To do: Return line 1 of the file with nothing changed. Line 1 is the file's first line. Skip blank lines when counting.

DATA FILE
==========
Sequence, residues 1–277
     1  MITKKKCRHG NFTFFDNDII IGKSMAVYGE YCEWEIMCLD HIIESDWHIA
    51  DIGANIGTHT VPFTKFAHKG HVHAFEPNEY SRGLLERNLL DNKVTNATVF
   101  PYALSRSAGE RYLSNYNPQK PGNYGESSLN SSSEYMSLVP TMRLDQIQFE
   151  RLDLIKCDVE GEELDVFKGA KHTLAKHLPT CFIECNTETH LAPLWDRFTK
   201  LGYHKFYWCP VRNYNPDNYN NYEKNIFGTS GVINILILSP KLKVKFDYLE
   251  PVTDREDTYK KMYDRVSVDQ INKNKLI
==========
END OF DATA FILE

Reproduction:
Sequence, residues 1–277